Another milestone in 1976 was the arrival of the Flight Simulator. The Simulator was an important training aid, reproducing the flight and tactical characteristics of the Sea King, making training more realistic and cost-effective for both front and rear seat crews alike. The Australian electronics industry assisted in the Simulator development program which used separate compartments for pilots and sensor operators, as well as providing back-up services.
In July 1976, with Melbourne at sea again, HS817’s Sea King aircrews began flight deck exercises to obtain their day and night-time flight deck qualifications. In August they embarked for work-up exercises in Queensland waters in preparation for exercise ‘Kangaroo 2’ which took place in October, together with submarines and ships from the Royal Navy, New Zealand and US Navies – including the carrier USS Enterprise. During November Melbourne visited the city of Melbourne, where a Sea King flew 250 km to Hall’s Gap to rescue badly injured hang glider pilot from a tree before conveying him to Ballarat Hospital.
The work-up exercises at sea and the experience gained during ‘Kangaroo 2’ was valuable in further developing the aircrew’s understanding of the Sea King’s impressive ASW capabilities. The Doppler Navigation system, automatic hover capabilities, the superior performance of the sonar system and lengthy on-station endurance, demonstrated a significant advance in helicopter ASW operations – boosting the fleet’s anti-submarine capabilities.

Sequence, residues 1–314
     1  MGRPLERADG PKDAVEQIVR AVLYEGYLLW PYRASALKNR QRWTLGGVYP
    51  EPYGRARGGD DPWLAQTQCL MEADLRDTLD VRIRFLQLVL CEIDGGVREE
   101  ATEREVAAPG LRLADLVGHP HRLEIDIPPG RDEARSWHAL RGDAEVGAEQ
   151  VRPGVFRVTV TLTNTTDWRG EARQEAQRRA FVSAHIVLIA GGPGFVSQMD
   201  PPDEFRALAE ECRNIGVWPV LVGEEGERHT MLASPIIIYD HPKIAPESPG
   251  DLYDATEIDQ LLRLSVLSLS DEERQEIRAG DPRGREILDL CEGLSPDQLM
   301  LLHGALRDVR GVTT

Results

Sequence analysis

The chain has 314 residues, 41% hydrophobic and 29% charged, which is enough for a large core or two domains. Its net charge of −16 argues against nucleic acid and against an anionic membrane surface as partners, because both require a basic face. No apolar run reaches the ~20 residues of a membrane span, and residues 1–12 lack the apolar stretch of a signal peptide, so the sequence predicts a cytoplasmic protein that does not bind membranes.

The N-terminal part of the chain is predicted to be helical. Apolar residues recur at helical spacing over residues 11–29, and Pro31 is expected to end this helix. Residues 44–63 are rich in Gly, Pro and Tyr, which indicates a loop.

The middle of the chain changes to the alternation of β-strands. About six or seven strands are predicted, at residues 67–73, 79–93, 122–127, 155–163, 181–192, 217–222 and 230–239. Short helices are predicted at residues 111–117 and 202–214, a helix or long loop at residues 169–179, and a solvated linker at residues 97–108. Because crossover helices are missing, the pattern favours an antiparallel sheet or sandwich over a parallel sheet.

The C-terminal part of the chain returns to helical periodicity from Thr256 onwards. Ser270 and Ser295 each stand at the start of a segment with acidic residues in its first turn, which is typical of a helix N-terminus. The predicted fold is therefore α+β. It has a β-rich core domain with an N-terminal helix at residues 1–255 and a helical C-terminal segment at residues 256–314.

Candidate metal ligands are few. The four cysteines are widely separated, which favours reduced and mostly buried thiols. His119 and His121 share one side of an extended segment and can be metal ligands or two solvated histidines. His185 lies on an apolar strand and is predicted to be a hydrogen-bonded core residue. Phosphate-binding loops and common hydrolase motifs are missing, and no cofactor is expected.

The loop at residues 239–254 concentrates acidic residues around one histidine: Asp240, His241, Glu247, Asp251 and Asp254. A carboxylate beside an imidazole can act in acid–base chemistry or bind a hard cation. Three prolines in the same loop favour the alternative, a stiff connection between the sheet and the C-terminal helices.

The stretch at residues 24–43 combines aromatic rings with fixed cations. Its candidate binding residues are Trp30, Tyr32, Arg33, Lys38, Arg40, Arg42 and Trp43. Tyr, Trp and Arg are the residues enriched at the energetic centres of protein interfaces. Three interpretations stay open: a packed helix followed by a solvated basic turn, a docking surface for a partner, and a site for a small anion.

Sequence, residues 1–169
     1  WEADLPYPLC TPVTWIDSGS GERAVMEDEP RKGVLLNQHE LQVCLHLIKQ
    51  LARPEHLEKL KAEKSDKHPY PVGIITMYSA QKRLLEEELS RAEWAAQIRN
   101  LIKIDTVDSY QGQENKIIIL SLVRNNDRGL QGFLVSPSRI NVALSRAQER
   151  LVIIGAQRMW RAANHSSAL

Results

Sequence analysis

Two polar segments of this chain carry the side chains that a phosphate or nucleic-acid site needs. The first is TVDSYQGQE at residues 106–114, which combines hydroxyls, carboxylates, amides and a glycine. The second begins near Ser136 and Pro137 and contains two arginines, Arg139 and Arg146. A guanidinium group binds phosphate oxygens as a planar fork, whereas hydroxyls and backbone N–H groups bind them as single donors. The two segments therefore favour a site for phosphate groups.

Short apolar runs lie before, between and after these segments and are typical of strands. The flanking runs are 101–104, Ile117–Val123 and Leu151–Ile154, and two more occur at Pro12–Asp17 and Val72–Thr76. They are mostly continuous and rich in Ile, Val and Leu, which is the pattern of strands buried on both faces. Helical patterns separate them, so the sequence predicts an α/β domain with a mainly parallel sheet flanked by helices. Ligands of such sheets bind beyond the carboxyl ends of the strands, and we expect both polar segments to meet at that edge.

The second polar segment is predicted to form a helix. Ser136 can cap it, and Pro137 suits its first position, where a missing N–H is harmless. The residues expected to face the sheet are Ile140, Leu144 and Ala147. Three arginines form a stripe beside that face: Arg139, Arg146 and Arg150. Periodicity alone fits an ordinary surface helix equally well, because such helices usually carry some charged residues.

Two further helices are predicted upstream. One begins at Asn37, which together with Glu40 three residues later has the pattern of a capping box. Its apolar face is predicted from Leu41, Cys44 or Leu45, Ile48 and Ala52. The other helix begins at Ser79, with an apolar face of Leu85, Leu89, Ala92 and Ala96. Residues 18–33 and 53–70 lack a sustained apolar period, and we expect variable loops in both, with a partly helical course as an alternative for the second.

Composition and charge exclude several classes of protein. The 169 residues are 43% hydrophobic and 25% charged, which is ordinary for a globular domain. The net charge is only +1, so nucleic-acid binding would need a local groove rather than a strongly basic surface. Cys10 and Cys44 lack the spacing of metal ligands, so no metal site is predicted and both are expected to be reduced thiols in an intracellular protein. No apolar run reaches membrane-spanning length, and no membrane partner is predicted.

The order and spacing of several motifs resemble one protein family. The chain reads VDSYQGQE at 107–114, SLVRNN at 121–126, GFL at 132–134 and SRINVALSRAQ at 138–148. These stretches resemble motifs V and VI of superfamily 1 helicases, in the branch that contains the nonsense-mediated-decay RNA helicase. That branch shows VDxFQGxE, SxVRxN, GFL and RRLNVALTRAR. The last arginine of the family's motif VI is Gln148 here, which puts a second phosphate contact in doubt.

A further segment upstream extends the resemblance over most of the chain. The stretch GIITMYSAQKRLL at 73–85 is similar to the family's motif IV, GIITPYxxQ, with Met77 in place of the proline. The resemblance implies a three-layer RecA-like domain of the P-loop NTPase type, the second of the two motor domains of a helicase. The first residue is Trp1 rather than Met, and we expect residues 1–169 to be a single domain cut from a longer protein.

Pacific & UK Deployments
A major event in 1977 was the February/March ‘RIMPAC 77’, with units of the US and other navies operating from Pearl Harbour. This was one of the biggest naval exercises of its kind for HMAS Melbourne and her Carrier Air Group (CAG). This included the Sea Kings which engaged in ASW activities, working together with the Tracker and Skyhawk aircraft in various war games during the RIMPAC 77 exercise.
On completion of RIMPAC Melbourne sailed for the USA, berthing at San Diego on 12 March to collect 16 replacement S2F Trackers for transport to Australia [see “Out of the Ashes“]. On 05 April 1977 eleven Trackers were launched offshore for Hawker de Havilland at Bankstown, with a further five disembarking at Jervis Bay for NAS Nowra. The following day Melbourne berthed at Garden Island and began preparing for the Royal Silver Jubilee and the Spithead Naval Review in the UK.
Setting Course for Spithead
On 28 April 1977 Melbourne sailed from Sydney Harbour with the CAG embarked, in company with Brisbane and HMNZS Canterbury. After a two day stop at Fremantle, Melbourne was approaching the Cocos Islands on 09 May when a Sea King crashed into the sea about 100 yards astern of the ship during a night landing exercise. Although the crew were rescued, the aircraft was lost. After passing through the Suez Canal Melbourne conducted exercises with RN and USN units before arriving at Portsmouth on 13 June.